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Rio 2016 Olympic crisis: 5 things to know
Question of the Day
That might as well have been the official slogan of this week’s Olympic gathering in southern Turkey.
This turned out to be the occasion when the long-simmering angst over Rio de Janeiro’s troubled preparations for the 2016 Olympics blew up into full crisis mode.
On the sidelines of the SportAccord convention in the Mediterranean resort of Belek, the International Olympic Committee executive board and summer sports federations raised the stakes over the critical delays threatening the first games in South America.
Here’s five things we learned about the turmoil in Rio:
ALARM BELLS RINGING
Everyone has known for some time that Brazil was lagging behind schedule. Until now, however, the IOC had kept relatively restrained with its no-time-to-lose warnings. But Turkey marked a tipping point when the IOC and sports leaders made their complaints loud and clear and exposed just how deep the crisis is, even deeper than it was for the 2004 Athens Games, previously considered the benchmark for organizational disorder. Venue construction delays are not the only concern. Worries are also mounting over accommodations, transport and water pollution. Some officials openly wondered about “Plan B” contingencies. The IOC even refused to rule out moving the games - considered highly improbable at such a late stage. The message: With two years to go, the games need salvaging.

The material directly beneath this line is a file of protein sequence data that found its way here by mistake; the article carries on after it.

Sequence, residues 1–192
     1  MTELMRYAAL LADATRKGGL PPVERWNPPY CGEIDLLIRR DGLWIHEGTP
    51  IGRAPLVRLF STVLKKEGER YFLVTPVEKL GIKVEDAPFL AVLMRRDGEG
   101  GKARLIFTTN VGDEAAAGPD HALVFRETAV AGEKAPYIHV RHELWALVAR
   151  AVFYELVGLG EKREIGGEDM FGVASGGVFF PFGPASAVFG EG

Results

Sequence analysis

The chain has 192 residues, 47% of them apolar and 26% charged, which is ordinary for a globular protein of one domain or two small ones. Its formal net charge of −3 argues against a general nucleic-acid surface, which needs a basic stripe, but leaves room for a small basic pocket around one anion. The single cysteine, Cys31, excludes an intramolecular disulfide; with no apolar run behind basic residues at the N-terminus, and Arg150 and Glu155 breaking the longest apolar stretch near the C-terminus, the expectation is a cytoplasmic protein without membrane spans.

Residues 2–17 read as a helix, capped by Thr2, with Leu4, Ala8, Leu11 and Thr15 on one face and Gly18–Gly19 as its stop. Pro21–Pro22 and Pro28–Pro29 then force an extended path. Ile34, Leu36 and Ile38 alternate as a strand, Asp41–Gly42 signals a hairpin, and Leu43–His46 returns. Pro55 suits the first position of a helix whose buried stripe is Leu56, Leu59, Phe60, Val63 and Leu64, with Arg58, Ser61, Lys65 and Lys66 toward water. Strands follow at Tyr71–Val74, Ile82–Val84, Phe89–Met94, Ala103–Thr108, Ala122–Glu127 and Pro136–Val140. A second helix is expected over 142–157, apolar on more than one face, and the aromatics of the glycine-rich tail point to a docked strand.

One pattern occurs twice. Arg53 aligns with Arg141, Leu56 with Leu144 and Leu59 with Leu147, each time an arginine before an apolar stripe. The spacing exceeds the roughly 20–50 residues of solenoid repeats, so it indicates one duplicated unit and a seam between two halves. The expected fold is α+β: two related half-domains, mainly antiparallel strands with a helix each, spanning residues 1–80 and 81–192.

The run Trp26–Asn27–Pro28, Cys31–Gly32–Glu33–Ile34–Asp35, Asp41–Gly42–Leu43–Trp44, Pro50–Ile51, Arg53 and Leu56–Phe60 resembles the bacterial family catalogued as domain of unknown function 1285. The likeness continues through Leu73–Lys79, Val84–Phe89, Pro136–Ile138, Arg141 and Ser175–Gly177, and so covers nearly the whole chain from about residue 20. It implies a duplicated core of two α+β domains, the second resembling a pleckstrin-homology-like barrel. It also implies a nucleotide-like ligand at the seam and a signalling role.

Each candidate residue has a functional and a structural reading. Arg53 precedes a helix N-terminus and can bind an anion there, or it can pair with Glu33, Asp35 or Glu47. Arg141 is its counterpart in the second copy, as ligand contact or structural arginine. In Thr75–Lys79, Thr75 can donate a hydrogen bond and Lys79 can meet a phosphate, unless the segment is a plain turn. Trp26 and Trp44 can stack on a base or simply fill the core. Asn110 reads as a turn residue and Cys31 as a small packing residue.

FELLI TO THE RESCUE
The man with the task of whipping Rio into shape is Gilbert Felli, the veteran IOC executive director of the Olympic Games. Already having been assigned to work on Rio once he steps down from his IOC role in August, the Swiss administrator is being dispatched to Rio next week to kick-start the process. No one knows the ins and outs of the management operations and deadlines for an Olympics better than Felli. But he’ll have his hands full. Three task forces are also being created and a local construction manager hired. Another key figure working behind the scenes with Felli will be American Olympic operations expert Doug Arnot.
PLEASE MR. MAYOR
The IOC went out of its way to single out Rio Mayor Eduardo Paes as a crucial player in the efforts to get the games on track. There has been deep frustration over the lack of cooperation on the Olympic project among the three level of government in Brazil. Local Olympic organizing chief Carlos Nuzman, the man credited with winning the games for Brazil, lacks the skills and political leverage that Sebastian Coe had in London. IOC President Thomas Bach and Felli both talked about the importance of Paes in facilitating funding for some of the construction, particularly for Deodoro, a complex for eight sports venues where work has yet to begin. “The mayor is the one really acting to solve the problem,” Felli said. “Be careful not to shoot at him.”
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